All the prisoners were tried on board the Cormorant, and every care was taken that they had an absolutely fair and just trial. There was no doubt about their guilt, and Utomati was sentenced to be hanged on the tree from which poor Bower had been shot, while the other prisoners were sentenced to death, and taken to the most important islands round about, where they were shot individually, after a speech had been made to the assembled natives.
The impression made lasted for many years, and I cannot help thinking that the trial on the spot had a greater effect than it would have had had the prisoners been removed to another district.
There is one curious incident in the affair which is worth recounting. The second surgeon of the Cormorant Dr. Lewis was sent to the little Renard, and after the trouble was over he and my captain went ashore, leaving me in charge of the schooner. A party of natives brought off a skull which they said was Lieutenant Bower’s, but to me one skull looked remarkably like another and I accepted it without being convinced of its identity.
In the meantime Dr. Lewis, when taking his walk, saw a small native girl with a necklace of human teeth, and he noticed at once that some of them had been stopped with gold. He bought the necklace for a stick of tobacco – surely a curious desire for a small girl – and as soon as he returned to the ship he found not only that the teeth fitted the skull on board perfectly, but that Bower had that number of teeth stopped with gold, so there was no doubt that we had at least a small part of his remains to be taken back to Sydney for burial.
After that incident in the Solomons the rest of my time in the Renard, about thirteen months, appeared comparatively tame, although it was exceedingly interesting work.
We had to supervise the recruiting of labour in the island for the Queensland sugar plantations, and to check the activities of the “black-birders”, who invited the natives on board their ships and then kidnapped them, being in fact no better than slave- traders. The activities of these depraved whites had much to do with the indignation of the natives and their occasional outbursts against us, while the Government agents who were appointed to these labour schooners to supervise the recruiting of labour were in some cases the worst type of down-and-out beachcomber, and were often hand-in-glove with the men they were supposed to watch.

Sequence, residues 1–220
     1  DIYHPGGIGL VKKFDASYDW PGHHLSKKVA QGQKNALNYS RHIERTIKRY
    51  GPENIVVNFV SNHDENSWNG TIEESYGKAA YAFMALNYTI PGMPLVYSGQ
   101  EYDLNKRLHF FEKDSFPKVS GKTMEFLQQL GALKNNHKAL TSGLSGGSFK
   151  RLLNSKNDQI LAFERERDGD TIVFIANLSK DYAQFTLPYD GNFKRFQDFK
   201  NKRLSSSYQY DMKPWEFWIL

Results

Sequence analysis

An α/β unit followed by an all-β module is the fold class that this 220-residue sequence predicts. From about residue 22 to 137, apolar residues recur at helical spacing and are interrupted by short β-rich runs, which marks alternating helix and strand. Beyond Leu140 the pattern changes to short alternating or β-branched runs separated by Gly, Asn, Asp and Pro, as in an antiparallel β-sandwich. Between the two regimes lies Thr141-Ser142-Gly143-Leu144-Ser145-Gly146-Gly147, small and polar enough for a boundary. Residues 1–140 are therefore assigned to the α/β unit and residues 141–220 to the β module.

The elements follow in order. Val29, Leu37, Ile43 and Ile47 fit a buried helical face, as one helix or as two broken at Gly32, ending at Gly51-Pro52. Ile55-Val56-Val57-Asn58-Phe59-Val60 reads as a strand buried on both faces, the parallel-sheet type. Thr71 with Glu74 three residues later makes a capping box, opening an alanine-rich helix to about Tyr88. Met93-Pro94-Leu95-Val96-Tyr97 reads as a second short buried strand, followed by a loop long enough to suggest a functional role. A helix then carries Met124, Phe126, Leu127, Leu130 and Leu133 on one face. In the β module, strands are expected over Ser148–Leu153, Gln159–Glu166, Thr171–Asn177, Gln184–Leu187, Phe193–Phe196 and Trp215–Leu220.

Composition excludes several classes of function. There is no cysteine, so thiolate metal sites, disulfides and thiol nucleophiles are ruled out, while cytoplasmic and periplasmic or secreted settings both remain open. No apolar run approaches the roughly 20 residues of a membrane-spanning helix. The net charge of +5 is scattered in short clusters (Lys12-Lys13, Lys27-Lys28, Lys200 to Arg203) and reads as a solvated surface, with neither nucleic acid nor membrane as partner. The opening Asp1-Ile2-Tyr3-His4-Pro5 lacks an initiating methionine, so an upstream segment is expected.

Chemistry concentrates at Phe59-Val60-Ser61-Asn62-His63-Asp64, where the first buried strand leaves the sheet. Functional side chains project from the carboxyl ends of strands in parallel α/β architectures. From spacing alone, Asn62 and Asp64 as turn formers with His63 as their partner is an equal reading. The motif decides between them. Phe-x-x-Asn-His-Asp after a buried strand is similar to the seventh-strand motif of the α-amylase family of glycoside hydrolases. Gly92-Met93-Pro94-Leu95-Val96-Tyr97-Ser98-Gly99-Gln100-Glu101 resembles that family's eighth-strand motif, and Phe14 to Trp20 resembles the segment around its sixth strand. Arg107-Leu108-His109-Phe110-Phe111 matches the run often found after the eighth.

At the end of a long cruise we returned to Sydney, where I was appointed to the ironclad Nelson, flying Commodore Erskine’s broad pennant, and after our free and easy life in the Renard the return to flagship routine was a very big change.
After five months of this service I found myself appointed to the Royal Yacht, as a result of a recommendation by my seniors after the Florida Island affair; and although this is an appointment which is the aim of every ambitious young officer, it caused me to miss the bombardment of Alexandria: but I still feel very highly honoured in being selected for it.
An absorbing account, I think you will agree. Such colonial punitive expeditions were not as uncommon as one might think; it’s just that they don’t form part of the history we learn about in our education system.
Punitive expeditions to punish a political entity or group of people outside the borders of the punishing state have been undertaken for revenge purposes without formal declaration of war since at least the 5th century BC.
They were commonly undertaken by European powers in colonial times to consolidate political control over native peoples, usually successfully, although they created long-term local resentment – as is the case with Australia’s First Nations people.
International punitive expeditions still occur today, a modern iteration being the US and coalition partners’ punitive attacks against Afghanistan and Iraq after 9/11 and US drone assassinations of terrorist leaders.
A naval example was the US Navy’s destruction in 1988 of half of the operational ships of the Iranian Navy for damaging USS Samuel B. Roberts by mining international waters in the Persian Gulf.
Russia’s ‘Special Military Operation’ in 2022 to punish Ukraine for trying to join NATO is yet another example of a punitive expedition. (But in this case the outcome seems more likely to depend on who can tolerate the most punishment before making the necessary concessions to achieve a peace agreement.)